On Monday 29th February (Leap Year!) I started my full week's Breathing Apparatus course at the Training Centre, which I had been dreading for ages. A few weeks ago, one of the Watches had said it would be hard - harder than Firecraft Week (which I had found very gruelling). It turned out that I found this week much better! I coped with the weight of the air cylinder and harness OK, and though going under air and doing an exercise in the Operational Training Building is hard work, it's only for 25 minutes or so at a time.
We spent quite a bit of time in lectures, servicing our Breathing Apparatus (BA), and cleaning up everything afterwards. I found it quite difficult remembering all the aspects of testing your kit, as it is quite technical, and there are a lot of stages.
Donna childminded Harry.
On Tuesday we piled into two fire engines and drove to Marshall's Airport near Cambridge. I sat in the passenger seat and had a nice chat with Watch Olivier who was driving, who has a kid in the same school as mine. The guys on the course showed me some video afterwards of him cage fighting - he is lethal!!
At Marshall's, they have some metal containers, and they'd set the end of one up as a room, with wooden walls and furniture etc. We then sat down the sides of the container in BA, and watched as a small fire was started and spread, so that eventually the entire end of the container was alight, with swirling flames in the gas layer above our heads. We used Thermal Imaging Cameras to see the temperature, which was over 650 degrees! They warned us that our clothes might actually start pyrolising (decomposing due to heat), but it didn't seem too bad!
After a packed lunch, they then set another container alight, and had us go in in two's with a hose, and practice door entry, fire fighting and gas cooling techniques. It was a pretty good day.
I had a pretty emotional day on Thursday - I'd had a really sore throat all night and was tired out, plus my period started. I made silly mistakes setting up in the morning, and felt close to tears, then every time a Watch asked if I was OK, I cried!! I think I cried in front of three different Watches!
We spent the day going into the Operational Training Building (which is a huge warren of burnt, sooty rooms, with mainly metal furniture), doing search and rescue exercises with zero visibility (they smoked out the building, and even set up a large fire on one occasion). We used heavy cloth dummies as casualties which we'd try and find, and drag out the building. Then we'd sit down in our two's with a Watch for our debrief. (One hilarious point was when Sam admitted to carefully dragging an armchair cushion out, thinking it was a dummy!)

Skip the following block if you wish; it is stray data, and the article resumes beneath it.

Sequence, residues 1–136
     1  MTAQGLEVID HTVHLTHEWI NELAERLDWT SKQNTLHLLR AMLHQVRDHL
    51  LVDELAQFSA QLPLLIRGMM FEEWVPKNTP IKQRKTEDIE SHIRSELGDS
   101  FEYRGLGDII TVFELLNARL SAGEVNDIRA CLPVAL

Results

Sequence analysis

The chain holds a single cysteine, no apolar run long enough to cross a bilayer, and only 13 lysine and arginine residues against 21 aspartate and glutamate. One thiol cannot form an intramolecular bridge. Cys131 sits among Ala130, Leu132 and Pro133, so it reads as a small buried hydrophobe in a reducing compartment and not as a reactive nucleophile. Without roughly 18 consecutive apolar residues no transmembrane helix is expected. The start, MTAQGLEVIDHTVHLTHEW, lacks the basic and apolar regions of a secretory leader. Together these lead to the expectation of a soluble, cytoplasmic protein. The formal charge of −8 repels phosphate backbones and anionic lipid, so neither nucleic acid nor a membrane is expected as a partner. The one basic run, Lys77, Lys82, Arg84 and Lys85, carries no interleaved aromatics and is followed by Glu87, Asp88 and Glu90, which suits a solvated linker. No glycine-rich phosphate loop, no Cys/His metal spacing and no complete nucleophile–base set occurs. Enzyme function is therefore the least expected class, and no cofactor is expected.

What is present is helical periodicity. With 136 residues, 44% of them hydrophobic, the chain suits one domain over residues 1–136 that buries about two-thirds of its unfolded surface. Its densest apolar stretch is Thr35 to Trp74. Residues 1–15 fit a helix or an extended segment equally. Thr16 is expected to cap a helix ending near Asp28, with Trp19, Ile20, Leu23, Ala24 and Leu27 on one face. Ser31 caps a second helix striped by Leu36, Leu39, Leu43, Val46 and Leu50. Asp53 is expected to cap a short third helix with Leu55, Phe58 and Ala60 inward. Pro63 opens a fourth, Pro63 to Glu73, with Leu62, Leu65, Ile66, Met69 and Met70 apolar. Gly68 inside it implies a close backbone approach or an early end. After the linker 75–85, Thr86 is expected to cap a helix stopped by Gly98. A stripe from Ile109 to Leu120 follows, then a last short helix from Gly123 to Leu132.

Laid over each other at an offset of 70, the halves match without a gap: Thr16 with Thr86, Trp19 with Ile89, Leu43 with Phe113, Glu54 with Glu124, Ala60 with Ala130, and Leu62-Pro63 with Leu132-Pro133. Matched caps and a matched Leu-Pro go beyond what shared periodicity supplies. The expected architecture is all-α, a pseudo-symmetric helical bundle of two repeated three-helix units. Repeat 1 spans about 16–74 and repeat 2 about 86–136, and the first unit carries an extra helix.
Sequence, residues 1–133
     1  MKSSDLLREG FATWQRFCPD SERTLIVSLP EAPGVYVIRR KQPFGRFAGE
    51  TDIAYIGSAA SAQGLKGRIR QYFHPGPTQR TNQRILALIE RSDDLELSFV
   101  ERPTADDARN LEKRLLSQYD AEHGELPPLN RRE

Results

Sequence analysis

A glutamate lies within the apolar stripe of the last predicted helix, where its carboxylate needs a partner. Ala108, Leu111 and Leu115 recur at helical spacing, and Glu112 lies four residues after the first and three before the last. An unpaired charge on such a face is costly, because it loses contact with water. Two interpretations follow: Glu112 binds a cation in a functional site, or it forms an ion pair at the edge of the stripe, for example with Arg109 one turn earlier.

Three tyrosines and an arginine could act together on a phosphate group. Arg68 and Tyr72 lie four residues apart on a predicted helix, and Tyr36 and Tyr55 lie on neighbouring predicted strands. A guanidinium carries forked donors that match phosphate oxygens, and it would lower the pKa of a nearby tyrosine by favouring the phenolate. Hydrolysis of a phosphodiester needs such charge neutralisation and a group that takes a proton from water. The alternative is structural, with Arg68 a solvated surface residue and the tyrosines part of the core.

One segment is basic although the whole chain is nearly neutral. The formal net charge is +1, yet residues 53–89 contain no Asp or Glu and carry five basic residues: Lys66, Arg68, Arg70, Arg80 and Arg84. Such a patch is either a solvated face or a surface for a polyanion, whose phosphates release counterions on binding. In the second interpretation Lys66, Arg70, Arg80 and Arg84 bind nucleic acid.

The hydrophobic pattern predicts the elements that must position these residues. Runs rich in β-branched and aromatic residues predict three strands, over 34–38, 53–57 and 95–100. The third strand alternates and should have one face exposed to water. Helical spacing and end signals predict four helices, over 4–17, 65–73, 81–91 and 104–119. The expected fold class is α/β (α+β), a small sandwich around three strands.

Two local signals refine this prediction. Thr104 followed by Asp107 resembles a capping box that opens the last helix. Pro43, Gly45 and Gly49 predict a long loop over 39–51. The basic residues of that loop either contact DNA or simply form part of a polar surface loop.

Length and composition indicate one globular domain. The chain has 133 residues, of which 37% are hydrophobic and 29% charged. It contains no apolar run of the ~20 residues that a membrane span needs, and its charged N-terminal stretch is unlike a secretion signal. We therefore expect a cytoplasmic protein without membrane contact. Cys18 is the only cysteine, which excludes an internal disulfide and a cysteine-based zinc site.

I wasn't particularly good (I'd feel totally disorientated and not have a very good mind map), but I found the debriefs really useful.
In one exercise and debrief the Watch was really cheesed off with my partner - shouting and swearing at him. I hadn't done a great job, but the Watch was fed up with my partner's attitude. After the debrief the Watch kept me back and asked if I was OK (he'd heard about me being upset earlier), which set me off again! We had a good talk - I told him my doubts about myself, but he said he'd spoken with the other Watches, and they were happy with the level I was at. He said I was an intelligent woman and he could see me being a Watch Commander myself at some point! He cheered me up enormously, and best of all I felt like I had taken the weight off myself. He said I was too hard on myself and couldn't expect to get it all perfect right now.
Also on Thursday, my friend Scott, had to leave the course. He'd had a hearing on Tuesday about a bad reference he'd received, and on Thursday, other officers made the decision to let him go. All of us including the Watches were surprised and sad.